Greater Oklahoma City is in the geographic center of North America equidistant from the east and west coasts and major trade partners of Canada and Mexico. The ten county region is at the crossroads of the U.S., sitting at the heart of three major national highways on the NAFTA corridor.
There's a reason Greater Oklahoma City is such a great place for business: Location. The ten county region is positioned within a day's drive of the rapidly-growing south-central region (OK, TX, AR, LA) projected to grow more than 44% during the next 25 years.
More than a year ago, Forbes magazine dubbed Oklahoma City the most recession-proof city in the nation.
The city is experiencing the effects of the depressed economy, but a new report out today indicates Oklahoma's two major cities are holding their own against the worst of the national recession.
Oklahoma City is ranked second among the nation's 100 largest metro areas for economic performance since the recession was declared in December, and Tulsa ranked ninth in the analysis from the Brookings Institution's Metropolitan Policy Program.
San Antonio was the top city among the study's 20 strongest performing metro areas; auto-industry heavy Detroit was ranked last.
About the report
The MetroMonitor report is the first comprehensive analysis of the impact of the recession on metropolitan America, its authors say. The research examines six key indicators - employment, employment change by industry, unemployment rates, wages, gross metropolitan product and housing prices and foreclosure rates - through the first quarter of 2009.
"All metropolitan areas are feeling the effects of this recession, but the distress is not shared equally," said Alan Berube, the program's research director and report co-author. "While some areas of the country have experienced only a shallow downturn, and may be emerging from the recession already, people living in metro areas that are now performing the weakest economically should prepare themselves for a long recovery period."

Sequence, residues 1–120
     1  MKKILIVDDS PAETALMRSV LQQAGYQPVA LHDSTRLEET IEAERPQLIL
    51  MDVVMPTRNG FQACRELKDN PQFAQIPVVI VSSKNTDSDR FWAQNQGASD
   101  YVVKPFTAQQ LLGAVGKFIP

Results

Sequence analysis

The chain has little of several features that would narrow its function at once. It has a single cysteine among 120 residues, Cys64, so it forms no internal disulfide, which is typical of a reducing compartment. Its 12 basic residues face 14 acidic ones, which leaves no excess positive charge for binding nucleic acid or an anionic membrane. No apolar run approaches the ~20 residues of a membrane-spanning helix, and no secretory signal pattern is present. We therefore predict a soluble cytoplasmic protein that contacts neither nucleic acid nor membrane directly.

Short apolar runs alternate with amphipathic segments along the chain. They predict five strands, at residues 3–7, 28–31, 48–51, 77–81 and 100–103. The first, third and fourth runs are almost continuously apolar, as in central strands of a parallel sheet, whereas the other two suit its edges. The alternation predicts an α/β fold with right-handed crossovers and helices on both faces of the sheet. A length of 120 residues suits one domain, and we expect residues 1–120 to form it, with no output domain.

Economists aren't surprised at the state's competence.
"This verifies what we've been saying for a while - that it's good to be in the middle of the country," said Keith Hazelton, senior vice president and director of economic research at the Oklahoma Bankers Association.
That Oklahoma City's and Tulsa's home price index increased shows that "we didn't participate in the housing bubble like everyone else did," Hazelton said. Land here is inexpensive and plentiful, compared to hard-hit metro areas surrounded by swamps, desert or mountains, he said.
On the employment side, although unemployment is a lagging indicator and Oklahoma and its neighbors have had a delayed reaction to job loss, Hazelton said employment numbers here will rise more quickly than in the rest of the country.
Reshaping the country
The study shows the recession has reshaped the economies in some parts of the country, the authors said. The Sun Belt is now divided, with the housing fallout hurting large portions of Florida, Arizona, Nevada, and inland California. Specialization in energy and government employment have insulated metro areas in New Mexico, Texas, Oklahoma, Arkansas and Louisiana.
There are also two distinct manufacturing belts, with